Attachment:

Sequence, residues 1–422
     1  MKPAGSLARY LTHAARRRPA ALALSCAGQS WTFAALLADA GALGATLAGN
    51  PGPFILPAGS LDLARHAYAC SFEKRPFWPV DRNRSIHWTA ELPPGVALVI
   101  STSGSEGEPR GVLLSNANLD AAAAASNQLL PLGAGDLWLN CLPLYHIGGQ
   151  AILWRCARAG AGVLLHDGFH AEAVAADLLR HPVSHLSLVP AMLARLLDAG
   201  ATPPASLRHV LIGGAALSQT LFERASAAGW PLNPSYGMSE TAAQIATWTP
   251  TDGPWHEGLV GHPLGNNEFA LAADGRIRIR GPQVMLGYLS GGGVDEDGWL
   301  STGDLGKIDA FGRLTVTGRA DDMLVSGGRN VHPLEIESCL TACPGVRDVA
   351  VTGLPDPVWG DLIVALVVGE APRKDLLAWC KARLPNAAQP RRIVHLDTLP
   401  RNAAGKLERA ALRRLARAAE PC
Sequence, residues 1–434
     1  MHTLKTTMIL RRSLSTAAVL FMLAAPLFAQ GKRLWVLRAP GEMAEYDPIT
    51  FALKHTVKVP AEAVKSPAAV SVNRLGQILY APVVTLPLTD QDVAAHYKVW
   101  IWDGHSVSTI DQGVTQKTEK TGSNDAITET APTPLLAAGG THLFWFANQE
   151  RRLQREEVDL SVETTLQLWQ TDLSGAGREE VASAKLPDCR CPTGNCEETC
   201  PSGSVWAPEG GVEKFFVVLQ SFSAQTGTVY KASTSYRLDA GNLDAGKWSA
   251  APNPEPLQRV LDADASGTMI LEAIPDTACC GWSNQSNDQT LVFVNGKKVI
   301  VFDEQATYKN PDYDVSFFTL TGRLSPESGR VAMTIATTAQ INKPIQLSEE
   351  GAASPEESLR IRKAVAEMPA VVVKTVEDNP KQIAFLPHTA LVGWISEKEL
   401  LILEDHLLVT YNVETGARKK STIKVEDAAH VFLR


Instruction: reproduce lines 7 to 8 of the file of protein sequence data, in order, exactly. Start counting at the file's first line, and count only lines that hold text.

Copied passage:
   251  TDGPWHEGLV GHPLGNNEFA LAADGRIRIR GPQVMLGYLS GGGVDEDGWL
   301  STGDLGKIDA FGRLTVTGRA DDMLVSGGRN VHPLEIESCL TACPGVRDVA